Stanislavsky realised that Emotion Memory could lead an actor to histrionics, and so he developed other methods, such as The Method of Physical Action (hereafter, MPA), where one could be “in the moment” but always staying one step away from complete belief.
Stanislavsky felt that it was important that whilst the actor should experience and show the emotions of the character, it is very important the actor still stay detached and aware of everyone else onstage at any given moment.
We would start every morning’s training with breathing exercises that led to a series of 32 taiji movements. This in turn was taught to us as a “shorter” version of eighteen movements and the repetition of these movements helped us extract ourselves from the happenings of the world and focussed it on the present so that we would be open and ready for any new stimulus or teaching that was to happen later that day.
Then we would be asked to walk around the room and to move where there was open space. To be sensitive to open space on the stage and to move to fill this space. This trained our awareness to stage spaces.
We then followed by leading movements with our fingers, toes, head, shoulders, tailbone, knees – all of this forced us to think of new ways to use our bodies whilst placing certain limitations to play. This made us break out of our usual comfortable ways of moving to invent a new language with our body.
Finally our body would be freed from restraint and we were asked to just dance in the space.
The system that Stanislavsky had created was not “System” with a capital “s” but rather a “system?” with a question mark that describes a flexible structure, a thing that actors may use as much or as little as they please during rehearsals, and modified for the individual.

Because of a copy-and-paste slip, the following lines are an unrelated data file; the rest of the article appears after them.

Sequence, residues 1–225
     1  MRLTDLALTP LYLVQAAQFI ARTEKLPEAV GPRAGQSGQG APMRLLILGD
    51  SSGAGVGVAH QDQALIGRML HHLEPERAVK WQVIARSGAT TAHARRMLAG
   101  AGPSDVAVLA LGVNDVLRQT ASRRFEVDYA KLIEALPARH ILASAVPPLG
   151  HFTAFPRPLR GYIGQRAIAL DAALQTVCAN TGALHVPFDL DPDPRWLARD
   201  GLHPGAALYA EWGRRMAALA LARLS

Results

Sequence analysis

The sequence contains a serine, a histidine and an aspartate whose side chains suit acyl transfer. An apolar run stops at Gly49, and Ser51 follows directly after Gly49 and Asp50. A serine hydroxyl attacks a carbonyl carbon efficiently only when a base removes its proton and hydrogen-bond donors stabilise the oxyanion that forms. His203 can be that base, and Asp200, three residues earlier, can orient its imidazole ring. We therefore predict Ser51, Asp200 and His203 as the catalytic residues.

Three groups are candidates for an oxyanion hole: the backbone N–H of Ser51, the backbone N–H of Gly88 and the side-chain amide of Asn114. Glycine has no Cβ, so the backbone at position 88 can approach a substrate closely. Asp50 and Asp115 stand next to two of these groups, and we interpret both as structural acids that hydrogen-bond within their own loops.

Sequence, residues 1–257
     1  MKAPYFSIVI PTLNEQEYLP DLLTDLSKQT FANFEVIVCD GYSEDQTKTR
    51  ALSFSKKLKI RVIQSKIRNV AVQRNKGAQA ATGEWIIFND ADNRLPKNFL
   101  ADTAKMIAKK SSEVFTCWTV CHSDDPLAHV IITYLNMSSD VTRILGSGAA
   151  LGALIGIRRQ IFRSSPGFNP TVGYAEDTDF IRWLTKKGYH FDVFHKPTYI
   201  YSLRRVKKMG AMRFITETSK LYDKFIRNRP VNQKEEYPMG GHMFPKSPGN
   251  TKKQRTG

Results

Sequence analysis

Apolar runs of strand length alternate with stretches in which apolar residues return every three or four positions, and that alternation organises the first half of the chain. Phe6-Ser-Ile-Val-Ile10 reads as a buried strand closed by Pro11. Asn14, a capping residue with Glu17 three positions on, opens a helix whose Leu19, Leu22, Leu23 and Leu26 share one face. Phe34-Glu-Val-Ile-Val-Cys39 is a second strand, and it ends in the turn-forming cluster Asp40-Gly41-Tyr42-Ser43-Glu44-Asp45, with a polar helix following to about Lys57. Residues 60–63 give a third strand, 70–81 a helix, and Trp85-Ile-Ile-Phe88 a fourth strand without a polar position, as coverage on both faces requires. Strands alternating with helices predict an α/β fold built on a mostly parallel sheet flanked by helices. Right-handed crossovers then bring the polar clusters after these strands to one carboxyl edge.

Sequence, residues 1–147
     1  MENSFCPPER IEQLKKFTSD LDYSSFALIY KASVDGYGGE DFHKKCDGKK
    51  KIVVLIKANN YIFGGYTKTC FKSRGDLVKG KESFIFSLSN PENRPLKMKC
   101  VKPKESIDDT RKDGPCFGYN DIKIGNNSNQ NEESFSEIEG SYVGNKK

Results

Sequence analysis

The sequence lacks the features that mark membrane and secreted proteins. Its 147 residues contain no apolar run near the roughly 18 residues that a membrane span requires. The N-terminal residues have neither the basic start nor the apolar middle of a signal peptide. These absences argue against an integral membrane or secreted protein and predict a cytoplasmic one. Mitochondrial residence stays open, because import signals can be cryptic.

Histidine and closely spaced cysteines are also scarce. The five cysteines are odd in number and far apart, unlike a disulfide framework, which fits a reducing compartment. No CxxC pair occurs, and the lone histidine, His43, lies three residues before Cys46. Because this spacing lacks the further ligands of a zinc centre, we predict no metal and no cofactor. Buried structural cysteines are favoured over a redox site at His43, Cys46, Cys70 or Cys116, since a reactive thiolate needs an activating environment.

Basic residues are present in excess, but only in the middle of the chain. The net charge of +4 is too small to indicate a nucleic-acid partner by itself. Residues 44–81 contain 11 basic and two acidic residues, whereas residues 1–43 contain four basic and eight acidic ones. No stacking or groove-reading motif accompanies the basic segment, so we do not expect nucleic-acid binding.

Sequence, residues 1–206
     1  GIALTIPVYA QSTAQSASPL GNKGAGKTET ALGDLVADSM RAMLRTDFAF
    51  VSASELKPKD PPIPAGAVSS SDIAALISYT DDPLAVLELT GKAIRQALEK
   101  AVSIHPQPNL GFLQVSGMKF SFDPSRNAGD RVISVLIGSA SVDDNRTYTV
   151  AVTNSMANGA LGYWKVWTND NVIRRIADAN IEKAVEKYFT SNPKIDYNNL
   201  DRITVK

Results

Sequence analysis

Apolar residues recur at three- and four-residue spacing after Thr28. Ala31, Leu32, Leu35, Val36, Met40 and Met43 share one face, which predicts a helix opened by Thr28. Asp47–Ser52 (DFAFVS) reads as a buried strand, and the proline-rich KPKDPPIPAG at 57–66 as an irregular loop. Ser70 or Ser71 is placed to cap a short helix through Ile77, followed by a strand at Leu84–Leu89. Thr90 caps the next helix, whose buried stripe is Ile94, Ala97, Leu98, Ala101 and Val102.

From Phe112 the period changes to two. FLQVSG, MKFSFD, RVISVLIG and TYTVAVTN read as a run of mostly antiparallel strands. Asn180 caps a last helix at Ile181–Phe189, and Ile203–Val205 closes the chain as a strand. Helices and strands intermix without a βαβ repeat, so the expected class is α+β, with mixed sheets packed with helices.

The Method of Physical Action (MPA) which was explored during these workshops, is based on the idea that “the only thing an actor will ever have control of in his life is his body.”
Emotions may be remembered and brought up during emotional memory but this is imperfect technique and is usually considered as a “rehearsal tool” rather than an actual technique. One of Stanislavsky’s ideas was that “the only thing that the actor can rely on is the body, therefore the actor and the director must work hard to use the body “and bring to life a scene simultaneously addressing both the emotional as well as the aesthetic components of the scene.
One of the ideas that we were constantly taught was that “physical action is attention”. Whilst this does not mean that one cannot pay attention to another if one is still, it does highlight the importance of the physical “”sculpture” created onstage by all the actors, within the mise-en-scene, such that the audience’s attention is directed towards the desired subject within the scene. The only way in which the audience’s attention can be thus directed, is if all the actors themselves pay attention to the subject of concern. This is also seen in Poussin’s paintings, which were used as part of an exercise during this workshop. The lighting in the picture directs one ‘s gaze to the centre of the action. And all other characters give this player their attention through the posed bodies and gaze.